March 3 in History

1938 – Oil is discovered in Saudi Arabia

In 1933, Standard Oil of California (SoCal) was awarded an oil concession for the province of Al-Hasa in Saudi Arabia. Exploration commenced in the autumn but, as its geologists surveyed the terrain by motor car and aeroplane, the amount of information they could obtain about the geological substructure was limited.  SoCal  then set up a subsidiary company, the California Arabian Standard Oil Company (CASOC) to develop the oil concession.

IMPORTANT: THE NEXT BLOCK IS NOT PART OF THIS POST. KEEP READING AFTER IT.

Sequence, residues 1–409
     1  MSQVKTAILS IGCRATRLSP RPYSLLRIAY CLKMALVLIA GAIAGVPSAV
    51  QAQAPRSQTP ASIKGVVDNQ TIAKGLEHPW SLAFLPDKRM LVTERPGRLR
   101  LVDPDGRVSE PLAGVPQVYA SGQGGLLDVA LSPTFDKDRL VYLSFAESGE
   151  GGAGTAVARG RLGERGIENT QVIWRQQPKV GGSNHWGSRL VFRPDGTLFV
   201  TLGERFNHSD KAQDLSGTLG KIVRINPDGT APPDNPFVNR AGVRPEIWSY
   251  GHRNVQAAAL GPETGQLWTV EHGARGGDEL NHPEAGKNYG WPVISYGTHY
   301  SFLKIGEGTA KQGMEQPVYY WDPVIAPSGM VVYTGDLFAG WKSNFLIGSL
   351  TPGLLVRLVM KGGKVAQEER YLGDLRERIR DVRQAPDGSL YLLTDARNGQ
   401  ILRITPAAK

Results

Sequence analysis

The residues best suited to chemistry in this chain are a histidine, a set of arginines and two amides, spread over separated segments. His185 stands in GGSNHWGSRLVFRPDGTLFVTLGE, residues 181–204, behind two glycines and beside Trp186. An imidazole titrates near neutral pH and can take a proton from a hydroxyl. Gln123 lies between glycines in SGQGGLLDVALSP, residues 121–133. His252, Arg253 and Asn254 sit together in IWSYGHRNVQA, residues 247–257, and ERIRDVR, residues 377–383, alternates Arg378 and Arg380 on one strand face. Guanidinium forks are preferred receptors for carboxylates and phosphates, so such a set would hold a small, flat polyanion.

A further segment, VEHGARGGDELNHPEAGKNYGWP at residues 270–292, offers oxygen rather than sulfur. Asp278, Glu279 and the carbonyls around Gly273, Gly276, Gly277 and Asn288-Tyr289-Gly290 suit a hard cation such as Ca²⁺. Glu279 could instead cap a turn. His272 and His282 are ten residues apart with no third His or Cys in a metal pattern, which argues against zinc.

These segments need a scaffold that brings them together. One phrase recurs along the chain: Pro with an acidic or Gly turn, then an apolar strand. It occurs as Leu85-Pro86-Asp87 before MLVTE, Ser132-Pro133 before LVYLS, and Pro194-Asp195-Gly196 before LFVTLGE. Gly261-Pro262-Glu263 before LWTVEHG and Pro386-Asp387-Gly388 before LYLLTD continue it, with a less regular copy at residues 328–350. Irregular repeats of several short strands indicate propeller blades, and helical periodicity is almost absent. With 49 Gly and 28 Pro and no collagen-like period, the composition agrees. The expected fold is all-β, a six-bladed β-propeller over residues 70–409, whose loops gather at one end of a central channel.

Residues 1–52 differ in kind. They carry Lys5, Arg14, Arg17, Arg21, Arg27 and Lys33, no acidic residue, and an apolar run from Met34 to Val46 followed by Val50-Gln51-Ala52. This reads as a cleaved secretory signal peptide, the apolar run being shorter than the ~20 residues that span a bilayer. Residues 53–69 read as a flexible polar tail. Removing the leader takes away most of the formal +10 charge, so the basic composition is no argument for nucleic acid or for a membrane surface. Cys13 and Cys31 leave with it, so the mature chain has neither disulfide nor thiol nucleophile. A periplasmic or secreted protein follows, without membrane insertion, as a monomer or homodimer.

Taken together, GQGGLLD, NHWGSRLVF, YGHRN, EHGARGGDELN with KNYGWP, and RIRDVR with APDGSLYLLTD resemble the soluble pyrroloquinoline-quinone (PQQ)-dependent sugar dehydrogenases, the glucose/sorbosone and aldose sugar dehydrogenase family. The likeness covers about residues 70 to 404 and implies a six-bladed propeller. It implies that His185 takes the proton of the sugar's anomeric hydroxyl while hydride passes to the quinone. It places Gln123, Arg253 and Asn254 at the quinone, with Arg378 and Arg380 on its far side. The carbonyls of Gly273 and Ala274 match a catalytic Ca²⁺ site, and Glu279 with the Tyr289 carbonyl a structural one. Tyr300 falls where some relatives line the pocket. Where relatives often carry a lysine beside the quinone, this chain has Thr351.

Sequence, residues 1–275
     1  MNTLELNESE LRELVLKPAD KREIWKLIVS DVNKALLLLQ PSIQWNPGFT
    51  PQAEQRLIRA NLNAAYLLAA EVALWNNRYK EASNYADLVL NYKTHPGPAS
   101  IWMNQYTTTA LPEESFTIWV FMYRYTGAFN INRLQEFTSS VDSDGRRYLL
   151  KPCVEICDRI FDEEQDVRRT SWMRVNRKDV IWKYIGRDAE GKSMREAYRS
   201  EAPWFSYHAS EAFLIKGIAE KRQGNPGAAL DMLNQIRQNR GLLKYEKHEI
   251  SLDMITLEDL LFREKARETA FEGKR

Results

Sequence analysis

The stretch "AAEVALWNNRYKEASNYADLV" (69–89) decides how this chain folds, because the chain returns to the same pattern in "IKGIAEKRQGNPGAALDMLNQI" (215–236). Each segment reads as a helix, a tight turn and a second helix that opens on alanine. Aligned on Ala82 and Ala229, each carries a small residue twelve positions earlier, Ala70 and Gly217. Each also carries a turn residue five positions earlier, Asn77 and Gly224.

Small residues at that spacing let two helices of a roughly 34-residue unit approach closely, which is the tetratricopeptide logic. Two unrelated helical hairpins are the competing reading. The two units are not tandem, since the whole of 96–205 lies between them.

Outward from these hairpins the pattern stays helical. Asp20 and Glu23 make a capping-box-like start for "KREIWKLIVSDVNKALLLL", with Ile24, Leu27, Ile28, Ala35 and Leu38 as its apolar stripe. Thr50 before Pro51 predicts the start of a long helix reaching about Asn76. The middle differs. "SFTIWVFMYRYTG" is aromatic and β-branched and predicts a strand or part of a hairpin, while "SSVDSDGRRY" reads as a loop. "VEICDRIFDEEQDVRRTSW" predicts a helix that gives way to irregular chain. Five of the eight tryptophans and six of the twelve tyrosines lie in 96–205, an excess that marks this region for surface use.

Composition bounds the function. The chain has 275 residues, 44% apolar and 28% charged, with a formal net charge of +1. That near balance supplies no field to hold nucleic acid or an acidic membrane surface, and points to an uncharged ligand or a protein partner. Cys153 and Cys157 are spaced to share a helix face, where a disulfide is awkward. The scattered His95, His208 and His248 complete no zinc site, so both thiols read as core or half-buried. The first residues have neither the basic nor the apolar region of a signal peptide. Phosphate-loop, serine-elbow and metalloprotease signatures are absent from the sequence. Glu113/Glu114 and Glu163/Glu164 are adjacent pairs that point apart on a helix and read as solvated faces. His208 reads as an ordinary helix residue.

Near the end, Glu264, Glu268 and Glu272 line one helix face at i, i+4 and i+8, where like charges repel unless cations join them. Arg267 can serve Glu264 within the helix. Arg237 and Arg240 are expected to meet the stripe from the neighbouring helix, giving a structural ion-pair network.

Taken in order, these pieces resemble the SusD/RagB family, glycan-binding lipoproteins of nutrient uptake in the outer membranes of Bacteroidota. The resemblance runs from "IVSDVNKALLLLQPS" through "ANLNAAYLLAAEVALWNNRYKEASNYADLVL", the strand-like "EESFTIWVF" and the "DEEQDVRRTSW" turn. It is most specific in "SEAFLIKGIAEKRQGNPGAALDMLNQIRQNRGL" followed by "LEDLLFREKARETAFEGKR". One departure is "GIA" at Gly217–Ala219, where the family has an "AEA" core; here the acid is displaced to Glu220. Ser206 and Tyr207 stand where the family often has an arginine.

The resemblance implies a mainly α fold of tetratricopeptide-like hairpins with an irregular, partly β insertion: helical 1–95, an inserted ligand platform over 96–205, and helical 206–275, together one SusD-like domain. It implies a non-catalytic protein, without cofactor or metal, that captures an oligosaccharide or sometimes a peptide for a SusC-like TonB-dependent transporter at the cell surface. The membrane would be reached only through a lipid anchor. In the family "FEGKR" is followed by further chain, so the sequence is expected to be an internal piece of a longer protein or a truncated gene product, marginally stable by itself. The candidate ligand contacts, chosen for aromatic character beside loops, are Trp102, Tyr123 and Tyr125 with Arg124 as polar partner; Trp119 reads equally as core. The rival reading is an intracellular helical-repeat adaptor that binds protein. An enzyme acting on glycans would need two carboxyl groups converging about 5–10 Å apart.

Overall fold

When CASOC geologists surveyed the concession area, they identified a promising site and named it Dammam No. 7, after a nearby village. Over the next three years, the drillers were unsuccessful in making a commercial strike, but chief geologist Max Steineke persevered. He urged the team to drill deeper, even when Dammam No. 7 was plagued by cave-ins, stuck drill bits and other problems, before the drillers finally struck oil on this days in 1938. This discovery would turn out to be first of many, eventually revealing the largest source of crude oil in the world. For the king, oil revenues became a crucial source of wealth since he no longer had to rely on receipts from pilgrimages to Mecca. This discovery would alter Middle Eastern political relations forever.

 

 

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